Except when it doesn’t.

So, Huston Street and Tyson Ross are your San Diego Padres 2014 All-Stars, although Ross will not play having started on Sunday.  Street was named to replace Ross on the active All-Star roster.

allstarplea

The Padres wanted us to write-in Seth Smith on our All-Star ballots this year. Because his name wasn’t on the ballot and everyone else sucked.

Last week, I explored possible replacements for Ross on the All-Star roster this year.  Seeing as how Smith was denied not chosen, that got me thinking:  When was the last time a position player from the Padres started an All-Star game?

The last time a position player actually started the All-Star Game was 1998 at Coors Field in Denver, when Tony Gwynn was voted in by the fans.  Andy Ashby, Kevin Brown, Trevor Hoffman, and Greg Vaughn joined Gwynn as All-Star reserves.

1998?  That long ago?  Have the Padres really sucked that bad?  Well, yes and no.  Part of the problem with having the fans vote is players that get national attention tend to get the most votes.  And the Padres have rarely gotten national attention since 1998.  Not for anything positive, that is.

Not saying that’s necessarily a bad thing, just that’s the way it is.

So, what happened between 1998 and today?  How many players have been All-Stars since?

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In a Saturday morning article, Time for the Padres to get bold, the U-T San Diego’s Matt Calkins advocated surrendering the farm system’s pitching depth for an impact bat. Calkins’ suggestions centered around the addition of either Giancarlo Stanton or Mark Trumbo, “the Angel with a lifetime OPS of .768 over four seasons.”

These players have been mentioned before during this off-season and rather than rehashing the pros and cons of adding their bats right now I would rather focus on Calkins’ idea about how the Padres should compete with today’s behemoths of the game:

The Padres aren’t anywhere close to a team like the Dodgers, Red Sox, or Yankees, who can bulldoze their way to the postseason with sheer force. They, however are one that can pirouette their way in with some good fortune and a critical extra piece.

Now’s the time to get that piece. Now’s the time for the index finger to stop wagging “no” and instead pull the trigger.

This is an interesting approach and it begs the question: When is the right time for a team like the Padres (i.e. limited resources and less margin for error) to push all in and go for it?

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Last night, Andrew Cashner pitched a complete game, 9-inning shutout while facing the minimum 27 batters. Cashner is the first pitcher in Padres history to complete the feat, which immediately put Padres fans and media on notice. Was this the greatest start in Padres history? That’s a question surely to get a lot of subjective response, but there is a statistical measure that can also help guide us. We’re going to take a look at the numbers, throw in some subjective analysis, and take a get a glimpse into the greatest starts in Padres history.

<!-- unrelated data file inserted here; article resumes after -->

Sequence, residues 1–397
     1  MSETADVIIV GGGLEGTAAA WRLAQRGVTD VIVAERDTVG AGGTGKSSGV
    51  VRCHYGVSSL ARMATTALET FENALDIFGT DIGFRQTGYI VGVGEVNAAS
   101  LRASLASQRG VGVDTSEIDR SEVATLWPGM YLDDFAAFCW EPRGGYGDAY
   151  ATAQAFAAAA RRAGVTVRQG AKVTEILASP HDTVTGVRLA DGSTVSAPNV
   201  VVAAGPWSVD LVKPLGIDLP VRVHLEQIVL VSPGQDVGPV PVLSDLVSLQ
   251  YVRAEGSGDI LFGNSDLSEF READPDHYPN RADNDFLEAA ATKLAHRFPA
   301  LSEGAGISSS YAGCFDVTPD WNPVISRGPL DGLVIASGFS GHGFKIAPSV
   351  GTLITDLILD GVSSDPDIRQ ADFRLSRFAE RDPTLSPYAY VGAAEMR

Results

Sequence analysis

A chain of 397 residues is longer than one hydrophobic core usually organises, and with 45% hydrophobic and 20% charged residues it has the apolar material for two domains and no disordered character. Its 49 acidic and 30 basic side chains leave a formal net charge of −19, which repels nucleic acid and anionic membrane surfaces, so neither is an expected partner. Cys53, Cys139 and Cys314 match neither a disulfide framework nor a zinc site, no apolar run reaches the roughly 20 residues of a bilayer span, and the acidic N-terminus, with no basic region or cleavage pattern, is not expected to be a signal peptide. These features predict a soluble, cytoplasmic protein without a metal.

Cashner dressing the deer  last night (artists rendering)

Cashner dressing the deer last night (artist’s rendering)

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Tonight, the San Diego Padres will play host to the NL West division leading Arizona Diamondbacks with the chance to make seriously progress in making up their 5 game deficit. The Padres will also be honoring the 1998 National League Championship team.  Players from that 1998 team will be present at the game signing autographs and NLCS MVP Sterling Hitchcock will throw out the first pitch. The Padres will be wearing the now retro 1998 uniforms and I imagine quite a few highlights will be shown between innings. So, for today’s post I thought we’d reminisce a bit about the 1998 club in preparation for tonight’s festivities.

First things first. 1998 is considered retro now? I’m not sure I’m ready to live in a world where that’s true but the facts are tough to disputed. Somehow it’s been 15 years since that 1998 season though for some reason I still consider the early ’90s to be 10 years ago. 1998 saw “Shakespeare in Love” somehow beat out “Saving Private Ryan” for Best Picture, saw “My Heart Will Go On” and “The Boy Is Mine” rule the airwaves and “Seinfeld” and “ER” be the highest rated television shows on the air.

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This is where we gather from time to time to talk about something big in the Padres world or just the Padres or just baseball. It’s a roundtable discussion. Except, you know, no round tables. This is a Public House…so we’re at the bar.

*All opinions are of those who are attributed to them. No opinion here should be construed to be that of the collective.

Padres Trail wrote an excellent post a couple of weeks ago regarding the most seminal Padres moment. His choice, a fine one, was Game 3 of the 1996 NLDS. If you haven’t read his post already, go check it out here.

This topic got a lot of us thinking “what are our seminal Padres moments?” It’s a somewhat complicated topic for a team with 0 World Series titles and only 2 appearances. But seminal doesn’t necessarily mean “great.” They are moments, for better or worse, that stay with you. An easy way to test what moments these would be for you? They are the first moments that come to mind when you think “Padres.”

Here, we’ve limited ourselves to picking 3 moments in total. Some good, some bad, all memorable.

So, presented for this week’s roundtable discussion, The Bar presents “Seminal Padres Moments.”

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